In 2006, Huffington became the director of It's My Party Too.[12] The group was founded by former Governor Christine Todd Whitman. A moderate Republican organization with libertarian leanings, it advocated fiscal conservatism, social progressivism, environmental protection and limited government interference in personal matters. In 2007, It's My Party Too evolved into the Republican Leadership Council.[13]

In December 2006, he became a blogger on the Huffington Post[14] on a variety of subjects.

On October 11, 2009 he spoke at the National Equality March rally at the U.S. Capitol in Washington, D.C.[15]

Film production[edit]

Huffington found a post-political career as a film producer.[16] From 1991 to 2000, he was co-owner of Crest Films Limited.

Among his other production credits:

Electoral history[edit]

California United States Senate election, 1994
Party Candidate Votes % ±%
Democratic Dianne Feinstein (incumbent) 3,979,152 46.7 -7.6
Republican Michael Huffington 3,817,025 44.8 +6.8
Peace and Freedom Elizabeth Cervantes Barron 255,301 3.0 +0.2
Libertarian Richard Benjamin Boddie 179,100 2.1 -0.6
American Independent Paul Meeuwenberg 142,771 1.7 -0.9
Green Barbara Blong 140,567 1.7 +1.7
Total votes 8,513,916
Majority 162,127 1.9 -14.4
Turnout
Democratic hold Swing -14.4
United States House of Representatives elections, 1992[31]
Party Candidate Votes %
Republican Michael Huffington 131,242 52.5%
Democratic Gloria Ochoa 87,328 34.9%
Green Mindy Lorenz 23,699 9.5%
Libertarian William Howard Dilbeck 7,553 3.0%
No party Bialosky (write-in) 104 0.1%
Totals 249,926 100.0%
Voter turnout  %
Republican hold

References[edit]

  1. ^ "Michael Huffington". Huffington Post. 
  2. ^ King, Ryan James. "Michael Huffington: The long-awaited Advocate interview". Advocate. Retrieved 11 January 2013. 
  3. ^ "What Money Can Buy". Time. June 20, 1994. Retrieved May 12, 2010. 
  4. ^ United States Senate election in California, 1994
  5. ^ John Avlon (February 28, 2013). "The Pro-Freedom Republicans Are Coming: 131 Sign Gay-Marriage Brief". The Daily Beast. Retrieved 24 May 2013. 
  6. ^ Arianna Stassinopoulos, Author, Wed to R. Michael Huffington, Executive, The New York Times, April 13, 1986, retrieved 2009-10-25 
  7. ^ Wilson, Rita (July 15, 2012 captions to pictures 17 and 18). "Arianna Huffington Turns 62". Huffingtonpost.com. Retrieved September 2, 2012.  Check date values in: |date= (help)
  8. ^ Michael Huffington in The Huffington Post: My Road to Damascus Led to the Sundance Film Festival. January 16, 2007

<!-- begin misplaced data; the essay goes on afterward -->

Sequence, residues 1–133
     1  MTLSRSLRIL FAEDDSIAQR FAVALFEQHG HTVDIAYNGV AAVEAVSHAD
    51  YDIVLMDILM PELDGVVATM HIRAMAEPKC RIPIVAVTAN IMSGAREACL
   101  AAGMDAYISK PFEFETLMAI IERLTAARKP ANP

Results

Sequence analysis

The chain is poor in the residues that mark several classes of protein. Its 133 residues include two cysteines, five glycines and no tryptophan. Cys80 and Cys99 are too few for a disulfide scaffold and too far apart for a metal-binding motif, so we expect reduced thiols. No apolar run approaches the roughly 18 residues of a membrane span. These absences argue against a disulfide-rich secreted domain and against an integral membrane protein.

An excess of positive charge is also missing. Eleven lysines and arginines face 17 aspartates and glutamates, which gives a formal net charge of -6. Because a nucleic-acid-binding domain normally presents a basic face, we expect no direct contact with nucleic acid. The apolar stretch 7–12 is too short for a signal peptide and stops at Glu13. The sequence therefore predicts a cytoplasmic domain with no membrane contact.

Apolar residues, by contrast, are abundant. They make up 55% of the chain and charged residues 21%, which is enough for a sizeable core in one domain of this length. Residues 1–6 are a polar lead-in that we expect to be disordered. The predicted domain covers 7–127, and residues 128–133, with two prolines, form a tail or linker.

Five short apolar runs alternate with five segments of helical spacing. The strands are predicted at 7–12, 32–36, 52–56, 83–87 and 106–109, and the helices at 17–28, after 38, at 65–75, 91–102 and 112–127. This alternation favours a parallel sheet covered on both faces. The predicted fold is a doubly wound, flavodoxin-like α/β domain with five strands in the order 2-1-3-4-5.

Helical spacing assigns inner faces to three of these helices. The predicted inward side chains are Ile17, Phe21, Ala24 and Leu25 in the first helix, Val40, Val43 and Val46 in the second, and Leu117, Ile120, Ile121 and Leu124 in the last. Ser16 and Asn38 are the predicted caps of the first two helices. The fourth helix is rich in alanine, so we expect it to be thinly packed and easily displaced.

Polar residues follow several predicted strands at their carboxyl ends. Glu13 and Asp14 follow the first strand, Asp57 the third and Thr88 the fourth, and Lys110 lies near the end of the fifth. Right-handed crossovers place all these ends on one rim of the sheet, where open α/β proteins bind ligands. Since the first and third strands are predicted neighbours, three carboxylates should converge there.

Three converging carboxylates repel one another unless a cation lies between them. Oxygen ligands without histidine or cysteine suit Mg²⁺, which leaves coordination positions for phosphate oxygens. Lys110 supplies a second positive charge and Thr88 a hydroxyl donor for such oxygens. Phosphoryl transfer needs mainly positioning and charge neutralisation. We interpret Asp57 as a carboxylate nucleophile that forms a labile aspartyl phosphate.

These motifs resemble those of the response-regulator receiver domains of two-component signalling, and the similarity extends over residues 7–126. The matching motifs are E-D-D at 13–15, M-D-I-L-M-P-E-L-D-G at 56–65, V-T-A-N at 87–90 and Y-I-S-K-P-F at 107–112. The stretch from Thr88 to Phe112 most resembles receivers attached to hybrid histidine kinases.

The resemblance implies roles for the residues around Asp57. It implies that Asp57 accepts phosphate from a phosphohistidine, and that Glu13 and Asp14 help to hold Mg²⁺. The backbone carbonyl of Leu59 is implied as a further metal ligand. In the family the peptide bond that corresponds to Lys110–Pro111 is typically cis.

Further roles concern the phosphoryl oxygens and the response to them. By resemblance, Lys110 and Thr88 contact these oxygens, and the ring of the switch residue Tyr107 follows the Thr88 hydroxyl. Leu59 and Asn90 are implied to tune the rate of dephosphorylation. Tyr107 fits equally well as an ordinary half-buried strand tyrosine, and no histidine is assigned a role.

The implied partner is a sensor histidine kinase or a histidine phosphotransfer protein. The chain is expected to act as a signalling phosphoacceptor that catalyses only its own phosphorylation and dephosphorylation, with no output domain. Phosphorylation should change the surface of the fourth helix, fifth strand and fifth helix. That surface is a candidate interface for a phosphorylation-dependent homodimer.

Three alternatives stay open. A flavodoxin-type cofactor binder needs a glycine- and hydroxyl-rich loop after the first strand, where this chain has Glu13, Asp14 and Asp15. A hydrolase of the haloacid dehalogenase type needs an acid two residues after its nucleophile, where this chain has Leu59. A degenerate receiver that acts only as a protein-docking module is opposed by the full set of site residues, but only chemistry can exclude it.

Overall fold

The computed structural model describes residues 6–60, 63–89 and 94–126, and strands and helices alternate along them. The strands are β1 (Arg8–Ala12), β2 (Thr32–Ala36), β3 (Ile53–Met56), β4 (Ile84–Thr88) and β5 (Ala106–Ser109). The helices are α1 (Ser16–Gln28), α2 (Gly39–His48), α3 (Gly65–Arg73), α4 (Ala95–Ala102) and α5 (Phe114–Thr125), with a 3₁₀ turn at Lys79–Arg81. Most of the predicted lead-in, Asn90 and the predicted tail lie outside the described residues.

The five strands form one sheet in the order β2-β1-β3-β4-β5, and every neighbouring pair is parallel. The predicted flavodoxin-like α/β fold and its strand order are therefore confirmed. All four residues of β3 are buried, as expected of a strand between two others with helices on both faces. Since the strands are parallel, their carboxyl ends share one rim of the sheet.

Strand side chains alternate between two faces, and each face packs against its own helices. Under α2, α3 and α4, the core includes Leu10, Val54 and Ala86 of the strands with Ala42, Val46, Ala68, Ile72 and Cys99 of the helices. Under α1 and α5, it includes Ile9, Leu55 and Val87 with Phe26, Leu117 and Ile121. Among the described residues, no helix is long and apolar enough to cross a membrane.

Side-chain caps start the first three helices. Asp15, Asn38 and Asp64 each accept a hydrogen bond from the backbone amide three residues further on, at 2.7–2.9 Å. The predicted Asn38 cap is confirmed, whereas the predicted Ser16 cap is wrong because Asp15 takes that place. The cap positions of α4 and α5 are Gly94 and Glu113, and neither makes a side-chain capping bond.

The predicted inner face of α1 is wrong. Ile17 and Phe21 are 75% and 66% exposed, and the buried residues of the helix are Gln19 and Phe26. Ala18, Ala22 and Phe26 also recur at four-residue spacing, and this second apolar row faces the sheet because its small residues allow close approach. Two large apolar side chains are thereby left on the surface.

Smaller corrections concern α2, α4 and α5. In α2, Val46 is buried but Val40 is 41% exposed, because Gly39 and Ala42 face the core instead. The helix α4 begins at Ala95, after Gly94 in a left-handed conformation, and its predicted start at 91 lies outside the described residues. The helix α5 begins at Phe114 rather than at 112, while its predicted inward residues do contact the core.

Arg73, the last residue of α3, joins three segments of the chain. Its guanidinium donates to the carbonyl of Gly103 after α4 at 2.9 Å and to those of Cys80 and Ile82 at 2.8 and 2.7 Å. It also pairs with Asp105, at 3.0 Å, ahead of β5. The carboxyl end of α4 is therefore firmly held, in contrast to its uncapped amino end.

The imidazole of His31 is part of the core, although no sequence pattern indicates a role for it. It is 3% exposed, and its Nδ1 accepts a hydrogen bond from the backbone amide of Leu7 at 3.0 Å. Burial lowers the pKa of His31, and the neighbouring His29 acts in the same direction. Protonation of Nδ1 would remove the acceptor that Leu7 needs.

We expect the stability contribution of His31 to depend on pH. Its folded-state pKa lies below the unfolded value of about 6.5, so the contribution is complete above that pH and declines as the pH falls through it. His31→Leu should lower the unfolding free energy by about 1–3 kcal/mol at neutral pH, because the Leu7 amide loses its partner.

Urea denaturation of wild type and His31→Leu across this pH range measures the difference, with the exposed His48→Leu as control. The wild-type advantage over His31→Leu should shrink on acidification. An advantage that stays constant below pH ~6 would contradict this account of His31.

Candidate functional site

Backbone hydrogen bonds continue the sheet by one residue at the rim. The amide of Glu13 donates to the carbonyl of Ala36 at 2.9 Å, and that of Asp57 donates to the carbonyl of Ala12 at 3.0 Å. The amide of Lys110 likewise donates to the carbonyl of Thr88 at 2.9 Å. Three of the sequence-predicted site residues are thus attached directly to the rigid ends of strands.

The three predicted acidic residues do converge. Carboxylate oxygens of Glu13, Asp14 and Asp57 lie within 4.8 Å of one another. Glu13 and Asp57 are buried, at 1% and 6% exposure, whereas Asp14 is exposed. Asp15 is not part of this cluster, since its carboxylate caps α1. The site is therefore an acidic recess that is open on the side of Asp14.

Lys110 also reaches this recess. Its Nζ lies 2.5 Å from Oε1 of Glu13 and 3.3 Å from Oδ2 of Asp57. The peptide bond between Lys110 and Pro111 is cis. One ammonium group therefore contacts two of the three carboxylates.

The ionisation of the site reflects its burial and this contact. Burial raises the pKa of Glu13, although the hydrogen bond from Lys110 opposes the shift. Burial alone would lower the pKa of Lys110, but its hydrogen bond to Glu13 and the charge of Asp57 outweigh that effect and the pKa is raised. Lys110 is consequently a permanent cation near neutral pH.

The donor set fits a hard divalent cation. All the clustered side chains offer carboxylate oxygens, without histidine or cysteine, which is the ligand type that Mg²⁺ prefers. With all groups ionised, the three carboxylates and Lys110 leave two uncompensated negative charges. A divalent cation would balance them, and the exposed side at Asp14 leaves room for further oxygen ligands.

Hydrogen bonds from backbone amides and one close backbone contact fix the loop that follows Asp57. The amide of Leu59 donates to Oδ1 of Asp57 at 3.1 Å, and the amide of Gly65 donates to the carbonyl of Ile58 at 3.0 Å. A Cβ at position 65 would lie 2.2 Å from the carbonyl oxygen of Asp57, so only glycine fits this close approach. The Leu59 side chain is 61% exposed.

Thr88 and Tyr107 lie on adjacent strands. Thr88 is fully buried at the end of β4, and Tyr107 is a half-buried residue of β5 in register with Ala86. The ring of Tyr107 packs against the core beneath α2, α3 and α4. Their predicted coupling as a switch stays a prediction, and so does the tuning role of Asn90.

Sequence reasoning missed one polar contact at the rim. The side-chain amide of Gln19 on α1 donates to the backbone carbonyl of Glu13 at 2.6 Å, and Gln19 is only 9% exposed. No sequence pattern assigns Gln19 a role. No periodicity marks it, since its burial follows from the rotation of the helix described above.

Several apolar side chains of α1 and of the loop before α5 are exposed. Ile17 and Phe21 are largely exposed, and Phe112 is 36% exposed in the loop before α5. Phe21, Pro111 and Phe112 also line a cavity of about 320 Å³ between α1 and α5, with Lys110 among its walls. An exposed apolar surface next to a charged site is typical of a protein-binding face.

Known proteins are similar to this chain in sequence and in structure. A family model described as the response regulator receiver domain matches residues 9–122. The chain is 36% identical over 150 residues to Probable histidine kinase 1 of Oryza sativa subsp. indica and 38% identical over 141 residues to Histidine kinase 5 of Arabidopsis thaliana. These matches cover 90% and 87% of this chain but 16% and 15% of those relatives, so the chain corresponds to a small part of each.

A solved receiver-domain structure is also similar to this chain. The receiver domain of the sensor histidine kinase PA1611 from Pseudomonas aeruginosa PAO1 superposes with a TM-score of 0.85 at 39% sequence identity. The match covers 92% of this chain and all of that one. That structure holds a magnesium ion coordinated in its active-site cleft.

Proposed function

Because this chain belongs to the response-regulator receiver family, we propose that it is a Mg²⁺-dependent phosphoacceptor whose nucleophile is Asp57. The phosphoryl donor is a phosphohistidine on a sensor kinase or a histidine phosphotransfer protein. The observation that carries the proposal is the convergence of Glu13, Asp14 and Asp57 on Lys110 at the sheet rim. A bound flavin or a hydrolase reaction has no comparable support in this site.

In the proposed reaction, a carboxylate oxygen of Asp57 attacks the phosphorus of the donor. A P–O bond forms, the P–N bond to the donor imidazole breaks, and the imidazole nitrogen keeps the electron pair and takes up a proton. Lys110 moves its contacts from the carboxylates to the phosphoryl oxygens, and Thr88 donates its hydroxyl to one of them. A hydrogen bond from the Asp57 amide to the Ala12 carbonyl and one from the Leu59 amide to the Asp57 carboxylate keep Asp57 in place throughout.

9. ^ King, Ryan James. "Michael Huffington: The long-awaited Advocate interview". Advocate. Retrieved 11 January 2013. 
  10. ^ Sexual Orientation Issues in the News - Gay Issues Media Press Coverage Journalism Education Lesbian Homosexual LGBT Annenberg USC
  11. ^ Stanford Pride
  12. ^ "Advisory Board - Michael Huffington". It's My Party Too. Archived from the original on 2006-11-17. 
  13. ^ Welcome to the Republican Leadership Council! | Republican Leadership Council
  14. ^ "Michael Huffington". Huffington Post. 
  15. ^ "Gay Rights Rally Washington DC October 11, 2009 pt.21". YouTube. 2009-10-11. Retrieved 2012-03-29. 
  16. ^ Michael Huffington at the Internet Movie Database
  17. ^ Out of the Past (1998)
  18. ^ The Promise (1998) - Full cast and crew
  19. ^ "Главная страница". Minimovie.com. Retrieved 2012-03-29. [dead link]
  20. ^ "Jules Verne: Secret Adventures of Jules Verne - Andrew Nash". Julesverne.ca. Retrieved 2012-03-29. 
  21. ^ "iTunes - Movies - Santa Croce". Phobos.apple.com. Retrieved 2012-03-29. 
  22. ^ "For the Bible Tells Me So (official website)". 
  23. ^ A JIHAD FOR LOVE:::A FIlm by Parvez Sharma
  24. ^ We're All Angels at the Internet Movie Database
  25. ^ Showtime : Schedules : Daily Schedule
  26. ^ "Bi the Way (official website)". 
  27. ^ American Primitive at the Internet Movie Database
  28. ^ Father vs. Son at the Internet Movie Database
  29. ^ "Dissolution - Movie info: cast, reviews, trailer on". Mubi.com. Retrieved 2012-03-29. 
  30. ^ "After the Fire: Official Movie Site". 
  31. ^ "Statistics of the Presidential and Congressional Election of November 3, 1992". U.S. Government Printing Office. 1993. 

External links[edit]

United States House of Representatives
Preceded by
Robert J. Lagomarsino
Member of the U.S. House of Representatives
from California's 22nd congressional district

1993–1995
Succeeded by
Andrea H. Seastrand
Party political offices
Preceded by
John F. Seymour
Republican Party nominee for United States Senator from California (Class 1)
1994
Succeeded by
Tom Campbell